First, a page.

Amazon COVID changes and CEO's anti-union comments broke law, labor board alleges
Amazon.com repeatedly violated federal labor law by unilaterally changing policies and terminating union supporters at its sole unionized warehouse, U.S. labor board prosecutors alleged in a complaint, which also accuses Chief Executive Officer Andy Jassy of personally making illegal anti-union comments.
In a Monday filing, a National Labor Relations Board regional director wrote that Amazon illegally restricted employees' ability to visit their unionized New York City warehouse during their time off, to discourage them from engaging in labor activism.
The agency alleges Amazon changed its policy on off-duty workers' access to the premises, as well as its practices on announcing and providing paid leave for COVID-19 cases, without negotiating with the union at the Staten Island facility. It also accuses the company of terminating two employees because of their involvement in the Amazon Labor Union. Amazon should be forced, among other measures, to rescind its off-duty access policy for at least three years, the complaint says.
The complaint also accuses Jassy of violating federal labor law by saying, during a live interview as part of the New York Times Dealbook summit, that union representation would make workers less empowered and would make it harder for them to have direct relationships with managers. Jassy made the comments in November, a month after the NLRB issued a prior complaint saying similar comments the CEO had made to CNBC and to Bloomberg News also violated the law.
Federal labor law allows companies to vocally oppose unionization, but restricts them from threatening or retaliating against workers for organizing, and requires them to negotiate over working conditions if employees do vote to unionize.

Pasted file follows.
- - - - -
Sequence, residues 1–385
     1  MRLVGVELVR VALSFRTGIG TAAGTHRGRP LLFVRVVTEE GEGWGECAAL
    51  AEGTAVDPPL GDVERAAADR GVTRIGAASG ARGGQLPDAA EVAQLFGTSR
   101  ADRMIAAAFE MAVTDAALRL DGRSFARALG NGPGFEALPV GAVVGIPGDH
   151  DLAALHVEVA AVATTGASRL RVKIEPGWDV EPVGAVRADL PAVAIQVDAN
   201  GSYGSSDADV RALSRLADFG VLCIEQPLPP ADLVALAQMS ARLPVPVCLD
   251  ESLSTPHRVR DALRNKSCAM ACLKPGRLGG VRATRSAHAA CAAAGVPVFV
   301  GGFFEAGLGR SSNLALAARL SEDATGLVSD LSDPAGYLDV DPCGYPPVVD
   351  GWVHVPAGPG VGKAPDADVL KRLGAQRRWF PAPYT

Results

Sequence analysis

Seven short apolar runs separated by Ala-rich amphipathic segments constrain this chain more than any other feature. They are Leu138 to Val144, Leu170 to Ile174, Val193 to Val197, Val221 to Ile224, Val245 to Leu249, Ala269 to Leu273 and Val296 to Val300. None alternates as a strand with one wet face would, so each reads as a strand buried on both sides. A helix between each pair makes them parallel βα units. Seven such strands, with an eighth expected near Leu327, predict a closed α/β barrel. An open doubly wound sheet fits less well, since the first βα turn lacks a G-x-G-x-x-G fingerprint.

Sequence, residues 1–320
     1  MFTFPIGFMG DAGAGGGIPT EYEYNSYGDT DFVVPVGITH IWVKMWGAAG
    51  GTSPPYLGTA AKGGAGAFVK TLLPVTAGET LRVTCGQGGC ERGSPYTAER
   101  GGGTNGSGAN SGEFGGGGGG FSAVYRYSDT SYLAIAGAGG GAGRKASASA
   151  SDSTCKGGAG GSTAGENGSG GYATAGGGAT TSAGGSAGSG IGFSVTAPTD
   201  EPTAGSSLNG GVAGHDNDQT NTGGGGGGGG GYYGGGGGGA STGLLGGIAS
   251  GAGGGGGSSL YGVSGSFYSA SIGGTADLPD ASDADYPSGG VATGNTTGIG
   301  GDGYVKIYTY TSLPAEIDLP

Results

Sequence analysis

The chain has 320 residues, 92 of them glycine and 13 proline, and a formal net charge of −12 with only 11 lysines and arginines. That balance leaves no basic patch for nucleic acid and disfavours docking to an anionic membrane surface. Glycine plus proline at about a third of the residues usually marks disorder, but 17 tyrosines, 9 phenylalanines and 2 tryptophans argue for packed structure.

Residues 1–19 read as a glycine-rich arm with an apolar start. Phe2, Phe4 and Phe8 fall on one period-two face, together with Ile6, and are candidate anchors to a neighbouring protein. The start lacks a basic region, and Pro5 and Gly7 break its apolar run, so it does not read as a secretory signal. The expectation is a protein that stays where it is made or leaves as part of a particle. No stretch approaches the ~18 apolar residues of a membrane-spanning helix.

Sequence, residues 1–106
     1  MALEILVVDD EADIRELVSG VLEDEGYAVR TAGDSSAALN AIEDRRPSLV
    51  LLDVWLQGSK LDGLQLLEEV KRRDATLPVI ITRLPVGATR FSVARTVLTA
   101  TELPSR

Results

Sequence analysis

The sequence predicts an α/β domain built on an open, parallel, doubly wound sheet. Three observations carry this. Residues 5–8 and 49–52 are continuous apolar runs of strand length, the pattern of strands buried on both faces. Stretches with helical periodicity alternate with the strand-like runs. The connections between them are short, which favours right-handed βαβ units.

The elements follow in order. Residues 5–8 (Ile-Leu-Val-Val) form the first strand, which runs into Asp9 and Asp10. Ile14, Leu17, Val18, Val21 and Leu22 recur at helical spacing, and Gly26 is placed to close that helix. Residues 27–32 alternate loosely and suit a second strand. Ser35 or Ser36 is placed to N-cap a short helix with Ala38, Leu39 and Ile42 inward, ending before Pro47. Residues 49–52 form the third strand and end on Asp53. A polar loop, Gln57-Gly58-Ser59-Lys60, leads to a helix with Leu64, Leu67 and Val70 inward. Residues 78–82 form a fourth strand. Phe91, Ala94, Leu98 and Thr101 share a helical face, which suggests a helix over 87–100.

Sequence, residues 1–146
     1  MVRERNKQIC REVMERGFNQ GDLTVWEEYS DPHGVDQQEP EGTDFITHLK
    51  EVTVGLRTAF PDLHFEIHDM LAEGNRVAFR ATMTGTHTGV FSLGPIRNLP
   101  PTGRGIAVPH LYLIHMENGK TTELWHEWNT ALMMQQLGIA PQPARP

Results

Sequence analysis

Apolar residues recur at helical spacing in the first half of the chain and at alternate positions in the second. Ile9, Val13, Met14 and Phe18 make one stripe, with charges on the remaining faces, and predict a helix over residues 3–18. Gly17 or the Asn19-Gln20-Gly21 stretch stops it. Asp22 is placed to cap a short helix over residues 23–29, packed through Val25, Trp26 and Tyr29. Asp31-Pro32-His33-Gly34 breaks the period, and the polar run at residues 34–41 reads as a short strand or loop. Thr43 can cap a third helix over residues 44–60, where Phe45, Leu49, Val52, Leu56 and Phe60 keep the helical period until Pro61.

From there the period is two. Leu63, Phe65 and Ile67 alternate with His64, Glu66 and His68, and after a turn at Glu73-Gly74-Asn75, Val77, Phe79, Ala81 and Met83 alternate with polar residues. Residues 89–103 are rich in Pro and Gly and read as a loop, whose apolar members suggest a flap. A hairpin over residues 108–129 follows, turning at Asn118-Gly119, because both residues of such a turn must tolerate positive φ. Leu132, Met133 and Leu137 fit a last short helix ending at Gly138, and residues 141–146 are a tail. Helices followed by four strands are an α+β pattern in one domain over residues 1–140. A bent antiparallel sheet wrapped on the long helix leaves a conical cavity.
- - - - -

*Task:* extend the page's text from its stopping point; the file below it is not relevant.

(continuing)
Amazon has repeatedly denied violating the law. "These complaints are completely without merit and we look forward to showing that through the legal process," company spokesperson Eileen Hards said Tuesday in an email. While the NLRB has certified ALU as the representative of the Staten Island workers, the Seattle-based company has argued that the union's landmark election victory last year should be overturned due to misconduct, an argument it has signaled it will pursue in federal court.
In November, a federal judge in New York ordered Amazon to cease and desist from retaliating against employees for workplace activism.
Complaints issued by NLRB prosecutors are heard by agency judges, whose rulings can be appealed to the labor board members in Washington, and then to federal court. The agency has the authority to order employers to reinstate workers and change policies, but not to fine them punitive damages or hold executives personally liable for violations.
The NLRB's Monday complaint alleged that Jassy's comments were "interfering with, restraining and coercing employees" in their ability to exercise their rights. ALU argued that the comments constituted a threat to cut off workers' access to supervisors if they unionized.
Complaints issued by NLRB officials personally naming prominent executives are relatively unusual. Under the agency's current general counsel, President Joe Biden appointee Jennifer Abruzzo, the agency is also prosecuting a case accusing former Starbucks CEO Howard Schultz of making an anti-union threat during a meeting last year. A pro-union worker said Schultz asked them at the meeting, "If you hate Starbucks so much, why don't you work somewhere else?" Starbucks has denied wrongdoing.
"All these 'Succession'-style billionaires should be held accountable for unlawful actions, and that's what we're doing," ALU attorney Seth Goldstein said Monday. The complaint, he said, "is going to send a strong message to the union-busters and to CEOs like Jassy who think that they can say whatever they want to and they won't be held accountable."